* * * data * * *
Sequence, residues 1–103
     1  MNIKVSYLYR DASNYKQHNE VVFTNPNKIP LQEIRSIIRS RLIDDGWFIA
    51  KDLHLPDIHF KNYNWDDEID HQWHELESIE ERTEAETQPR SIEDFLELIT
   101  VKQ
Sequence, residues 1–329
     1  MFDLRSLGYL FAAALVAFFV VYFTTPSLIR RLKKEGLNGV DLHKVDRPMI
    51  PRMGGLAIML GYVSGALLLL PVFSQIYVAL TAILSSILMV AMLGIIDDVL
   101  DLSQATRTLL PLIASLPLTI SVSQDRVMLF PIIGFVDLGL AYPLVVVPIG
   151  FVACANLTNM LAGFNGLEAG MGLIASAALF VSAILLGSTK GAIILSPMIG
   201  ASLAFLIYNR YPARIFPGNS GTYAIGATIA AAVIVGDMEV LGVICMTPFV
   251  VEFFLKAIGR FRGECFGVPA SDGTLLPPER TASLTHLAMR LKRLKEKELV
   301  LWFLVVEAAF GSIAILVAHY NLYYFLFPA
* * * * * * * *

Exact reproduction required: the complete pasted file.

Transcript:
Sequence, residues 1–103
     1  MNIKVSYLYR DASNYKQHNE VVFTNPNKIP LQEIRSIIRS RLIDDGWFIA
    51  KDLHLPDIHF KNYNWDDEID HQWHELESIE ERTEAETQPR SIEDFLELIT
   101  VKQ
Sequence, residues 1–329
     1  MFDLRSLGYL FAAALVAFFV VYFTTPSLIR RLKKEGLNGV DLHKVDRPMI
    51  PRMGGLAIML GYVSGALLLL PVFSQIYVAL TAILSSILMV AMLGIIDDVL
   101  DLSQATRTLL PLIASLPLTI SVSQDRVMLF PIIGFVDLGL AYPLVVVPIG
   151  FVACANLTNM LAGFNGLEAG MGLIASAALF VSAILLGSTK GAIILSPMIG
   201  ASLAFLIYNR YPARIFPGNS GTYAIGATIA AAVIVGDMEV LGVICMTPFV
   251  VEFFLKAIGR FRGECFGVPA SDGTLLPPER TASLTHLAMR LKRLKEKELV
   301  LWFLVVEAAF GSIAILVAHY NLYYFLFPA